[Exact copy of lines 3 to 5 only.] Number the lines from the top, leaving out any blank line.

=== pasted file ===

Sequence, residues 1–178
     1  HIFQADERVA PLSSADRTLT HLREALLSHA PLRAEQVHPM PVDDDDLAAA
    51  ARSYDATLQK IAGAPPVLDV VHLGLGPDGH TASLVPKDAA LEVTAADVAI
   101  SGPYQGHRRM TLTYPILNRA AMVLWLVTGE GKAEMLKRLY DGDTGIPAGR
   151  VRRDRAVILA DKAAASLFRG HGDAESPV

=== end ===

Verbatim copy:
    51  ARSYDATLQK IAGAPPVLDV VHLGLGPDGH TASLVPKDAA LEVTAADVAI
   101  SGPYQGHRRM TLTYPILNRA AMVLWLVTGE GKAEMLKRLY DGDTGIPAGR
   151  VRRDRAVILA DKAAASLFRG HGDAESPV